Sony’s mirrorless Alpha series has now gone through three generations of design and has reached the stage where its handling feels quite mature. The third generation of the A7 series, in particular, has significantly improved with the larger and more comfortable grip, better button layout, dedicated AF joystick, improved robustness, and class-leading customization. Nonetheless, there are still things Sony would do well to improve on in future models. The buttons still feel relatively mushy and lack the tactile feedback of the best DSLRs. While the grip has significantly improved, it still feels too short and isn’t as nice as the one found on the Canon EOS R and Nikon Z7. Sony could have made better use of the space on the top of the camera by shifting the Mode Dial to the left-hand side (which currently lays empty) which would have made room for a top LCD panel. Sony claims that the A7 III is weather sealed and it is to some degree, but the weather sealing isn’t nearly as substantial as what one finds on the Nikon Z7 and Z6. Sony’s menus have matured and are easier to navigate than in the past, but much work remains to make the menu seamless to use. The touchscreen functionality remains underutilized and in its current state feels much more like an insignificant accessory than an integral part of the camera.
4. In-Body Image Stabilization
Akin to Sony’s other mirrorless cameras, the A7 III incorporates a 5-axis sensor-based image stabilization system. The unit used in the A7 III is rated at around 5-stops of stabilization which is a slight improvement over its predecessor. Having In-Body Image Stabilization is crucial for low light handheld photography and it’s a real life saver when shooting with non stabilized lenses.
5. Silent Shooting
As with the A7R III and A9, the A7 III features both an electronic and mechanical shutter. The mechanical shutter is rated for 200,000 cycles which is less than the 500,000-cycle rating of the A7R III. The camera’s 10fps with continuous autofocus is available whether you are shooting with the mechanical or electronic shutter which is the same speed as the A7R III and twice as fast the A7 II. Like the A7R III and A9, the A7 III offers a “Silent Shooting” mode that relies on the electronic shutter to offer a completely silent shooting experience.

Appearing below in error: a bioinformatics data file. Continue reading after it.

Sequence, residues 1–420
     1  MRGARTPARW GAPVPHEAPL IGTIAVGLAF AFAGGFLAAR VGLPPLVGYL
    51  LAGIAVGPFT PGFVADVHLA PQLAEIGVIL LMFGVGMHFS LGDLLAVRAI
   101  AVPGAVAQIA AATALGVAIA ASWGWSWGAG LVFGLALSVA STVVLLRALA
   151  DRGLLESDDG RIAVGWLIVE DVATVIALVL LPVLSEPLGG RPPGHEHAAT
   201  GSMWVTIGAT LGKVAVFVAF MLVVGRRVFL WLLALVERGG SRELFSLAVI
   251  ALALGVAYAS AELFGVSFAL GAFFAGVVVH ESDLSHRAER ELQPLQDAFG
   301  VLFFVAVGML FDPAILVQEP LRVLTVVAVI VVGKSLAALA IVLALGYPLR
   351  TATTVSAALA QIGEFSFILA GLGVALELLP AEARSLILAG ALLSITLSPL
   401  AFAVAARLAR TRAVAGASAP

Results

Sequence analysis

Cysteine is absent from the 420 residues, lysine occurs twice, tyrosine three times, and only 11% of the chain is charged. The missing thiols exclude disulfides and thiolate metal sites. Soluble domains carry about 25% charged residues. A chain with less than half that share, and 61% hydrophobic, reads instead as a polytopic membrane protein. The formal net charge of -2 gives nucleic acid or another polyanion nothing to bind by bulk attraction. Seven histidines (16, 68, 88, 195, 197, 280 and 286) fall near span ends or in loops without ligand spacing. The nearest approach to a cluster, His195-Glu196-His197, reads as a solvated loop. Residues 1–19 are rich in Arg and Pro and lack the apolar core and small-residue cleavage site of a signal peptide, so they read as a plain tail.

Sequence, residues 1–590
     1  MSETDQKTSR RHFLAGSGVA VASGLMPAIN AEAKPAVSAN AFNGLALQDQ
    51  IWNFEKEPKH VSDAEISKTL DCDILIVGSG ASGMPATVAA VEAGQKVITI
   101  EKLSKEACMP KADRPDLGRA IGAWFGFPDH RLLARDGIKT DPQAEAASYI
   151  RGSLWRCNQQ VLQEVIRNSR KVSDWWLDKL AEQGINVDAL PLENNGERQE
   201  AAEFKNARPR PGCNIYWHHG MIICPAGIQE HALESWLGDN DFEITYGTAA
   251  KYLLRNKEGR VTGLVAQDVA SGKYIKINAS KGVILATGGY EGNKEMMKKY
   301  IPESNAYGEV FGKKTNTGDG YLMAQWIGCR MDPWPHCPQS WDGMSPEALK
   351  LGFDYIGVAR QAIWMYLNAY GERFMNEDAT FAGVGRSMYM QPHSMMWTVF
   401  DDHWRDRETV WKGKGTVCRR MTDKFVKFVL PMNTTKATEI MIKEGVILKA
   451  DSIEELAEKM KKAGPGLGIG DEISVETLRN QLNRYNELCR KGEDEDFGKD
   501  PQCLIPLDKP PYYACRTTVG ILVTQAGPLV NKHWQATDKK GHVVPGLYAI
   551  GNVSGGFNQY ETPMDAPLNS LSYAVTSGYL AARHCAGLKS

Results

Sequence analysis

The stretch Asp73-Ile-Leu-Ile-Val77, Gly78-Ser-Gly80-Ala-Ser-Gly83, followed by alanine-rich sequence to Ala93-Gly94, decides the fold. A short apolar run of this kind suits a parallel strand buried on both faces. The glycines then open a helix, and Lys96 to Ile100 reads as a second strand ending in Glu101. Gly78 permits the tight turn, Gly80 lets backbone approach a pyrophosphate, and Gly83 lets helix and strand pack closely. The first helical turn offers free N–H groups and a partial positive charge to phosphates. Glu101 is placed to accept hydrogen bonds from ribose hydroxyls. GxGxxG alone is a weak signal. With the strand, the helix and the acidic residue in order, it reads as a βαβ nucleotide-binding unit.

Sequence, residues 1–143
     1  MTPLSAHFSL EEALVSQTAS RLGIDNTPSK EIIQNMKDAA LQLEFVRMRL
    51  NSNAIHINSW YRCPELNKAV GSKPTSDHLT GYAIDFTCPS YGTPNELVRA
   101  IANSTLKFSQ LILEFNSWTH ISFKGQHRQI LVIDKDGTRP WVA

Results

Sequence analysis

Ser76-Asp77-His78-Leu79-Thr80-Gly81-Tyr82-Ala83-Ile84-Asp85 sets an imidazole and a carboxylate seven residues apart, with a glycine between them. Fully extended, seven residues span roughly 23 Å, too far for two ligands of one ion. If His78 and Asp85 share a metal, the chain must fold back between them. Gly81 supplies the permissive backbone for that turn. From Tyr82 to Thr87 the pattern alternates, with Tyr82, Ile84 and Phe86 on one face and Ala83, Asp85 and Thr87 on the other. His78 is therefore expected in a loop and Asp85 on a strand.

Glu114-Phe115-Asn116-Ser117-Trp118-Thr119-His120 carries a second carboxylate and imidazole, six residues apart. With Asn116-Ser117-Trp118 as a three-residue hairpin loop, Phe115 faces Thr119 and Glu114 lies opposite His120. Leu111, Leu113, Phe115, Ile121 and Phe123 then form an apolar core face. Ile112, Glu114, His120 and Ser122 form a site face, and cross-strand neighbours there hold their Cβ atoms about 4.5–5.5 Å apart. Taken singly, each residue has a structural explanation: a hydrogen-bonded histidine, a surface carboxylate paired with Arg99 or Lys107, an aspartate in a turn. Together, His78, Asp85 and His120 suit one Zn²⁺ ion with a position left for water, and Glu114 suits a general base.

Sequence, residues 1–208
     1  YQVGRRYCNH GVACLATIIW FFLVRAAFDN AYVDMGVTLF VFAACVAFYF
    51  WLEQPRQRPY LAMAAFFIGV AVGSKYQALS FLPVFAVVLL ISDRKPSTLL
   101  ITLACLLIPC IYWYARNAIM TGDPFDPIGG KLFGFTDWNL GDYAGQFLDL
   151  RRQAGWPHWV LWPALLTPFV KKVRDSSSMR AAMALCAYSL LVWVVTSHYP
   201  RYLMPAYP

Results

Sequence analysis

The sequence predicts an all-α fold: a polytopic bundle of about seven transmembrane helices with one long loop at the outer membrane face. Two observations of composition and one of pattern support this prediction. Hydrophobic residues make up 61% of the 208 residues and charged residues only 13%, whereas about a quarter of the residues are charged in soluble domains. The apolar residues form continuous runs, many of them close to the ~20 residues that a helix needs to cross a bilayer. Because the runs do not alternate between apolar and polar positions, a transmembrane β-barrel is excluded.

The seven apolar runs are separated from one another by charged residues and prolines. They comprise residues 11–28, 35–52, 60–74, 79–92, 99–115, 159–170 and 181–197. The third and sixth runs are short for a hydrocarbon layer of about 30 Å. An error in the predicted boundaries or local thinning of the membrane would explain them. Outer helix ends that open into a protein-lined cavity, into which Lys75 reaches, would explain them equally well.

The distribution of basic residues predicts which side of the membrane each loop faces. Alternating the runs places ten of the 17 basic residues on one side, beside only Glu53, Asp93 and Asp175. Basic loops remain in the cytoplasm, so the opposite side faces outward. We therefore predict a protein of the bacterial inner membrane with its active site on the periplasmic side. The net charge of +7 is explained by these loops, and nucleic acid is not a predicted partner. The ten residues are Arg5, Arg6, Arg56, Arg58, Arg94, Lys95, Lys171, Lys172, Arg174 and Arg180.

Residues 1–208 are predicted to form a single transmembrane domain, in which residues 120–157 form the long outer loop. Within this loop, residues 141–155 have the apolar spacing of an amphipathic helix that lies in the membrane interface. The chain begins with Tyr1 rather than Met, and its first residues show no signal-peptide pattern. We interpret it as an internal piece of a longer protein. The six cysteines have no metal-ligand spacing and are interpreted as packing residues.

Like the A7R III, the A7 III’s Exmor R CMOS sensor does not have the fast readout speed found on the A9’s Stacked Exmor RS CMOS sensor. When shooting with the electronic shutter, the stacked sensor design of the A9 allows it to read the full sensor in about 1/160 of a second (Compared to 1/250 of the Mechanical shutter). In comparison, the A7 III’s sensor has a readout speed of around 1/20th of a second when using the electronic shutter, which is about 3 stops slower than the A9. This speed advantage is what allows the A9 to deliver its incredible frame-rate with no viewfinder blackout and 250 image buffer.
Beyond increased performance, faster sensor readout speeds also help mitigate rolling shutter effects which show up when shooting video of a moving subject or when panning with the camera. The adverse effects of rolling shutter show up in vertical objects in the image which appear tilted when in fact they are perfectly straight. When shooting with the silent electronic shutter, the A7 III suffers from an average amount of rolling shutter and is about in line with the A7R III. The only way to alleviate the impacts of the rolling shutter is to use the A7 III’s mechanical shutter.
6. Video/ Movie Recording
The A7 III continues Sony’s strong push for better video in their mirrorless lineup offering 6k sensor readout for full frame pixel 4K/24p video with no crop, 1080/120fps slow-motion recording along with a very good reduction in rolling shutter. What this means is that for its 4K video, the camera collects 6k pixel information which is then down sampled to 4k with no pixel binning. All this adds up to very sharp 4k videos. The Sony A7 II was only capable of Full HD so this is quite an upgrade over its predecessor. Compared to the video capabilities of the A9 we recently reviewed, the A7 III offers the same oversampling in 4k but it also receives both picture profiles and the ability to capture Log footage internally. What this all means is that you can get a similar video quality as that found on the A9 to go along with the A7R III’s Picture Profiles for half the price of the A9. Sony also added a host of video centric features like zebra warnings for exposure, excellent focus peaking and clean HDMI output. Overall, the A7 III is a wonderfully specified camera for videography, especially when its price tag is taken into consideration.